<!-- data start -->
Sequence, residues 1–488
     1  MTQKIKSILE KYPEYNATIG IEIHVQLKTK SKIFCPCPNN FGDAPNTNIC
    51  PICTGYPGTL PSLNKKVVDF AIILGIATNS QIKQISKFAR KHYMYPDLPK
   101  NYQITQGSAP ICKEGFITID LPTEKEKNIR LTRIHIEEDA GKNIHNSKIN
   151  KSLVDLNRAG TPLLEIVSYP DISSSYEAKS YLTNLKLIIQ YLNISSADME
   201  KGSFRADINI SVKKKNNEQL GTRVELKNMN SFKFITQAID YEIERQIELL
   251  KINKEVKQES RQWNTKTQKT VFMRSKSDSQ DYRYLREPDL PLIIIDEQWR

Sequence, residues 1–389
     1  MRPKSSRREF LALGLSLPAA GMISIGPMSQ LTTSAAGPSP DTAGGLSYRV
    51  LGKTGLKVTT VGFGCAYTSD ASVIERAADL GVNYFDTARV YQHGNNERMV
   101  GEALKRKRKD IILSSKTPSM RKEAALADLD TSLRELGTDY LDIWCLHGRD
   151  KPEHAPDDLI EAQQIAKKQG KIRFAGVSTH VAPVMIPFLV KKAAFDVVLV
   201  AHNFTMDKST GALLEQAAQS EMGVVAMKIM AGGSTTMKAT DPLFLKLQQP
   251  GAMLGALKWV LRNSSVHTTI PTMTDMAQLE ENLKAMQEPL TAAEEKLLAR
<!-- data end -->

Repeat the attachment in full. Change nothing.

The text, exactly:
Sequence, residues 1–488
     1  MTQKIKSILE KYPEYNATIG IEIHVQLKTK SKIFCPCPNN FGDAPNTNIC
    51  PICTGYPGTL PSLNKKVVDF AIILGIATNS QIKQISKFAR KHYMYPDLPK
   101  NYQITQGSAP ICKEGFITID LPTEKEKNIR LTRIHIEEDA GKNIHNSKIN
   151  KSLVDLNRAG TPLLEIVSYP DISSSYEAKS YLTNLKLIIQ YLNISSADME
   201  KGSFRADINI SVKKKNNEQL GTRVELKNMN SFKFITQAID YEIERQIELL
   251  KINKEVKQES RQWNTKTQKT VFMRSKSDSQ DYRYLREPDL PLIIIDEQWR

Sequence, residues 1–389
     1  MRPKSSRREF LALGLSLPAA GMISIGPMSQ LTTSAAGPSP DTAGGLSYRV
    51  LGKTGLKVTT VGFGCAYTSD ASVIERAADL GVNYFDTARV YQHGNNERMV
   101  GEALKRKRKD IILSSKTPSM RKEAALADLD TSLRELGTDY LDIWCLHGRD
   151  KPEHAPDDLI EAQQIAKKQG KIRFAGVSTH VAPVMIPFLV KKAAFDVVLV
   201  AHNFTMDKST GALLEQAAQS EMGVVAMKIM AGGSTTMKAT DPLFLKLQQP
   251  GAMLGALKWV LRNSSVHTTI PTMTDMAQLE ENLKAMQEPL TAAEEKLLAR